At My Friend’s House, students did tasks to benefit the effort of the home to befriend the homeless and needy in Marshall. Kid’s Club, a recreation and Bible sharing time, was held at Belaire and Ward apartment complexes.  Groups who went to the Boys and Girls Club of the Big Pines helped with any type of cleaning that needed to be done.

 

Teachers at all six Marshall ISD elementary campuses used the extra hands of the ETBU students to help them with room preparation for the first day of classes. The students who were at the Dayspring Therapeutic Equestrian Center did outdoor work like removing brush and dead limbs. During their time at Mission Marshall, the new Marshall residents helped restock the shelves of the food pantry with can goods that had been donated.

 

“ETBU students don’t mind doing the dirty jobs,” remarked Talbert. “Jesus did the dirty jobs in His time like wash the feet of His disciples.”

 

Photo descriptions in order:

East Texas Baptist University students  Taylor Talbert of Waco and Isaac McTaggart of Fort Worth pull nails and staples out of a utility pole at the corner of Franklin and East Grand.    PHOTO: ETBU/Mike Midkiff.

 

ETBU Service projects 5.jpg-  Nails and staples are a safety hazards to power company employees who have to climb utility poles.  The nails and staples are left after being used to secure a sign to the pole by individuals holding garage sales or trying to sale something.   As a community service project new East Texas Baptist University students pulled nails from poles located on East Grand Avenue and surrounding streets. PHOTO: ETBU/Mike Midkiff.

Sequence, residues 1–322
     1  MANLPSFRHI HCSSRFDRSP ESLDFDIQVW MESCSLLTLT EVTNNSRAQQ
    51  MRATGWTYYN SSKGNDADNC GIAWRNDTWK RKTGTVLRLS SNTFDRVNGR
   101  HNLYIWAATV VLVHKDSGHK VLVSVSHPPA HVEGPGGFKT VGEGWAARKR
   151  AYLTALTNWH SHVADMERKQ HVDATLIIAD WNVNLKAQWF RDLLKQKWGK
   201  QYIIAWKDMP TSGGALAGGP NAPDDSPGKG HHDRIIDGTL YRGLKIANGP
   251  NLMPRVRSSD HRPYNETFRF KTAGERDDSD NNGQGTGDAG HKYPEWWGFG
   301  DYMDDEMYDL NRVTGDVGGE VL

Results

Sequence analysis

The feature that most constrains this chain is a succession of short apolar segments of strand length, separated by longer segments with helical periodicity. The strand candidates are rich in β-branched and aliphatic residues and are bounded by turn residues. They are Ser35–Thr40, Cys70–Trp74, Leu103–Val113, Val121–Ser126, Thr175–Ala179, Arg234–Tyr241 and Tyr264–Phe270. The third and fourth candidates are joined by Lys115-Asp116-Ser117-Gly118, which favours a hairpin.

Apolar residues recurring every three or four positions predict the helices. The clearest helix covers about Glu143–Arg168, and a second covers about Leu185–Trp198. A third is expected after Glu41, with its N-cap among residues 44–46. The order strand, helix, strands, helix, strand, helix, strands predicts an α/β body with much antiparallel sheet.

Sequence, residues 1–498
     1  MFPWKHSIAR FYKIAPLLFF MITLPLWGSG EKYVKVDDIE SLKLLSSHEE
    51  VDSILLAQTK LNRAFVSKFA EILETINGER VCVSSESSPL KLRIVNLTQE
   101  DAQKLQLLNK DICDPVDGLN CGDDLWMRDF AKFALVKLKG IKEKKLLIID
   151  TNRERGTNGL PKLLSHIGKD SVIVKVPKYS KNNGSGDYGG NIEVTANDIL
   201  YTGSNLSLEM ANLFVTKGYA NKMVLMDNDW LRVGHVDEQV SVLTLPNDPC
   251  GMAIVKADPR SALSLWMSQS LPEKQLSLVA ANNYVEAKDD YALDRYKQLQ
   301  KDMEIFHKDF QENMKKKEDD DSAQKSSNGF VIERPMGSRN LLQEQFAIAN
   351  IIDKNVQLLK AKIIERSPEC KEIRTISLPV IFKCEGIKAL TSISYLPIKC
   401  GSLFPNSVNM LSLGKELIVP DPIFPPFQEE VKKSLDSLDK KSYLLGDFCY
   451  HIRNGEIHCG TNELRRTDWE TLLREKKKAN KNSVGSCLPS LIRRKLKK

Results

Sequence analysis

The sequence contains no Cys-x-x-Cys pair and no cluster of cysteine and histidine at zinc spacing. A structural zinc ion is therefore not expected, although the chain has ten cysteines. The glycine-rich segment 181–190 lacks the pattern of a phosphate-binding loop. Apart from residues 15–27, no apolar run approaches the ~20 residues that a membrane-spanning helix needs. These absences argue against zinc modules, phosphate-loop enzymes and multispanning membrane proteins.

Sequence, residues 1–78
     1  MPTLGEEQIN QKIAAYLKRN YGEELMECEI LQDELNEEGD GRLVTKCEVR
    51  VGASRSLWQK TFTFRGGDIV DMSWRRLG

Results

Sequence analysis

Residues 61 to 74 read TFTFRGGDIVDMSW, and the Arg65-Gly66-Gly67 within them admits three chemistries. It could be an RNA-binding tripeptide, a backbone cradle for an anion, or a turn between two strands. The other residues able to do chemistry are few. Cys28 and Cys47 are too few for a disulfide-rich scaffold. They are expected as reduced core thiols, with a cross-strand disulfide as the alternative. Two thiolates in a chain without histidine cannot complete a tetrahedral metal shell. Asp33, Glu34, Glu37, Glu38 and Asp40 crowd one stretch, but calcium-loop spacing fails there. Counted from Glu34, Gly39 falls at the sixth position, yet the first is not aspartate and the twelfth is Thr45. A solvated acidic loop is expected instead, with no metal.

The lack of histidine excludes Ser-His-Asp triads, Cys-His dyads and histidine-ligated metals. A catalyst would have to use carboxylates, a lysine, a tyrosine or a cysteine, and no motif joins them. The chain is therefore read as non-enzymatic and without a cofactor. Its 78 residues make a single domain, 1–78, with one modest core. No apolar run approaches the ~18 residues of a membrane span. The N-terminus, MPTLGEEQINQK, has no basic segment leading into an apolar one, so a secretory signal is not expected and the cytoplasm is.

ETBU Service projects 7.jpg-  “ETBU Cares” for the Marshall community and on Friday morning incoming freshman students from  East Texas Baptist University did several service projects at various locations.  One project was pulling nails and staples from utility poles located on East Grand Avenue and surrounding streets. Nails and staples are a safety hazard to power company employees who climb utility poles. PHOTO: ETBU/Mike Midkiff

 

ETBU Service projects 20.jpg – East Texas Baptist University student Donnie Havard of Lufkin uses a hammer to hit the crowbar to get under a nail head to remove it from a utility pole at the corner of East Grand and Franklin. The nails and staples that are left after being used to secure a sign to the pole by individuals holding garage sales or trying to sale something are a safety hazard to power company employees who climb the poles.   PHOTO: ETBU/Mike Midkiff.

 

ETBU Service projects 25- New East Texas Baptist University students Hannah Godwin of Spring and Olivia Moore of Nacogdoches remove nails from an utility pole at the corner of Franklin and Austin. “ETBU Cares” for the Marshall community and on Friday morning incoming freshman students did several service projects at various locations. Nails and staples are a safety hazard to power company employees who climb the utility poles. PHOTO: ETBU/Mike Midkiff.

 


 
Comments
(0)
Comments-icon Post a Comment
No Comments Yet